I rebuilt the catalog overnight and this morning the performance is identical.  Turning off the file server machine (which essentially unmounts the drive) seems to eliminates the lag but I won't have time 'till later today to see about manipulating the database in a lot of different ways.  A couple of different types of searches and filters worked well and catalog sets seem to swap very quickly now.

You said: " Sometimes the catalog spends too much time checking on the status of the files, and this causes bad slowdown. "  This is beginning to appear to be the issue here.  I am noticing constant hard drive activity and data transfer through the gigabit switch when the Server is on and the slowdown is happening.  This is beginning to feel almost exactly like  EM2 is behaving as a file browser in that situation and not a database application.  Could there be a setting I've overlooked that causes EM2 to constantly have to seek the archive drive instead of it's own database?
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peterkrogh
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« Reply #5 on: July 27, 2009, 07:34:00 AM »

Bruce,
There is/was a bug regarding Network attached storage. I thought that had been resolved, but I've never experienced it personally, so I can't remember details. Are you using SP2?
Peter
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Bruce Van Inwegen
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« Reply #6 on: July 27, 2009, 02:22:36 PM »

I had to get back to the studio to be certain, but yes.  I'm running SP2 in EM2 and all OS software is up to date. 

This is really slow when the server is running.  The bite is that I'm usually trying to retrieve Derived files when I invoke this particular database so unmounting the drive isn't really much of an option except for creating new sorts and groups.  I still have to fire up the networked computer to get at the files for printing so I may be stuck in the mud for good on this.  It bites doubly hard since the lag is the same on the second drive dedicated to the RAW Archive with only just over 10K images in a similar configuration.

I remember hearing from another IT guy regarding a different issue when I was creating this linkage that Vista and XP don't always play well together over a network.  Does anyone have an anecdotal evidence to support this observation?  And why does Bridge access the same files so well over the same network?
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peterkrogh
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« Reply #7 on: July 27, 2009, 08:56:21 PM »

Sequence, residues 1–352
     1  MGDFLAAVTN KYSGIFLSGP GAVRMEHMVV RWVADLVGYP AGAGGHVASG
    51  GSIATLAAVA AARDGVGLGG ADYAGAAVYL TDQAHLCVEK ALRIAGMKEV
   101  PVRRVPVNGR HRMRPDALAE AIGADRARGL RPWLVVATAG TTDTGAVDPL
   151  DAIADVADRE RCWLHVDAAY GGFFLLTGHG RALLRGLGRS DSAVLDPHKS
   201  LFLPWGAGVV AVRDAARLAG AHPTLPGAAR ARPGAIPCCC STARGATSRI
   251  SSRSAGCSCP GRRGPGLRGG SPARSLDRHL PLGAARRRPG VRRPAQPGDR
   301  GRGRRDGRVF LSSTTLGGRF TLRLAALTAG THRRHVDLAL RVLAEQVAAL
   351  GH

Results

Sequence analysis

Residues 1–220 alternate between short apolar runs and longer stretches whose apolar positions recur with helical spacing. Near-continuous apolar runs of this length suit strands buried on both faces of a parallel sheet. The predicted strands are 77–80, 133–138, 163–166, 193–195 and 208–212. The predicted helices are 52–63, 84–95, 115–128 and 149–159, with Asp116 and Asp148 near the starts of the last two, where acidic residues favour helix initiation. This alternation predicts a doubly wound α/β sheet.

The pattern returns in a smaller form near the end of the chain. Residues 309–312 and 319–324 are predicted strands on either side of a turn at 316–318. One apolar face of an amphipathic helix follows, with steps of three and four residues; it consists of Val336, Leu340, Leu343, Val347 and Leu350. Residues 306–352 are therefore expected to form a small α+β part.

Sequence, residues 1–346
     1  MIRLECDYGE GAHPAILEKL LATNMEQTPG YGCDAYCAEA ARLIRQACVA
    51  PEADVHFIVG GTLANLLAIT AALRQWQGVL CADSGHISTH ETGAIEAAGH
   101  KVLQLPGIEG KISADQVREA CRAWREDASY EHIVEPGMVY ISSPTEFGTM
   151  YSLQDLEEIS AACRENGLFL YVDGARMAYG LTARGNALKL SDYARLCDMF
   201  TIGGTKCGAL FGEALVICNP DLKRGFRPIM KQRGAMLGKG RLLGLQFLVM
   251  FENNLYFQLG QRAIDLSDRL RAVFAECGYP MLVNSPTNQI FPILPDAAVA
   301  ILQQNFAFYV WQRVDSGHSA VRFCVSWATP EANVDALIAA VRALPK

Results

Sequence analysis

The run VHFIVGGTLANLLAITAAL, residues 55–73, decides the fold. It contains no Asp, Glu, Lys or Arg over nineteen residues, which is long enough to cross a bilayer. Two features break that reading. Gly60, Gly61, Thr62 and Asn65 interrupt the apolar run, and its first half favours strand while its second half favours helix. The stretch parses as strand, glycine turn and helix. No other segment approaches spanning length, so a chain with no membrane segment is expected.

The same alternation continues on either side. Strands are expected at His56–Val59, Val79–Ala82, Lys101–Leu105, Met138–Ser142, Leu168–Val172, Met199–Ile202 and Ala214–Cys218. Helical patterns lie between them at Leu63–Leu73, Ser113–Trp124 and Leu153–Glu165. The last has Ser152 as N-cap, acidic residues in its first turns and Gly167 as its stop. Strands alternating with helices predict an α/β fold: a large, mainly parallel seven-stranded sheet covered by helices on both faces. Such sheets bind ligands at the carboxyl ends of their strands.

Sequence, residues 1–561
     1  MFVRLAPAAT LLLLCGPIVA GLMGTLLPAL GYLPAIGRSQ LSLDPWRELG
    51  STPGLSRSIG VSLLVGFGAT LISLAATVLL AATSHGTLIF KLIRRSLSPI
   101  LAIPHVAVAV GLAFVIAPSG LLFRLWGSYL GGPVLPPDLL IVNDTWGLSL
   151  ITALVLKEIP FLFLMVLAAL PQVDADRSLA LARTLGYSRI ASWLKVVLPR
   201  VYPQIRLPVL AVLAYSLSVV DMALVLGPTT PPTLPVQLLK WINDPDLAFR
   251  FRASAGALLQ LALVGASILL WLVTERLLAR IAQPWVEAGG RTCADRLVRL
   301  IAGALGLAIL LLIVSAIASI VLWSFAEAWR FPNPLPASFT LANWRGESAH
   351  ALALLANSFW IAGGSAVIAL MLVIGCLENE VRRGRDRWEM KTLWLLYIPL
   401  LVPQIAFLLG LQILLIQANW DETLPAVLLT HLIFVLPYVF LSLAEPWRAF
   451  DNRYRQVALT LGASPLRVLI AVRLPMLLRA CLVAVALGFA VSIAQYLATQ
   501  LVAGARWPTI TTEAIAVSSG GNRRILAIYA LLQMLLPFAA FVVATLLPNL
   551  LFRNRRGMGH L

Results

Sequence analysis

Bruce,
As I recall, the issue was some kind of connection mismatch - too many pending requests jammed up communication or something.  I thought this had mostly been cleared up, and a search of the forum does not produce a clear record of what's going on.

Maybe Robert or John knows what's up. (IIRC, Robert had a good handle on this).

Peter
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roberte
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« Reply #8 on: July 28, 2009, 06:53:02 PM »

Hi,

Peter the network bug in xMedia on Windows has been fixed. It was an over-zealous security issue. I'm using xMedia 2 SP2 on XP over a network regularly and it works as well as the Mac version.

The only thing that annoys me is the new rendering for JPEGs where you see a small preview then the full image pops up. This "feature" was put in SP2 especially for those accessing images over a network. The idea being at least you see a small image as you scroll through previews. Personally I find it annoying.

Bruce that doesn't help you... But at least you know it isn't xMedia. So I guess there is an issue with the network itself. The reason Bridge and Lightroom "feel" faster is they build a cache of thumbnails and previews. xMedia and Photo Mechanic read and display the actual image. On a local disk they are far quicker than their Adobe equivalents. Over a network they can suffer.

-- Robert.
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Bruce Van Inwegen
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« Reply #9 on: July 29, 2009, 04:03:36 AM »

Bruce that doesn't help you... But at least you know it isn't xMedia. So I guess there is an issue with the network itself.

Interestingly, my experience doesn't seem to support this.  Recall that when I shut down the file server machine containing the original files, EM2 performance returns to an acceptable level.  This would suggest that there is something inside the software that is forcing it to constantly ping the original files when the archive is live, even though it doesn't need to do so.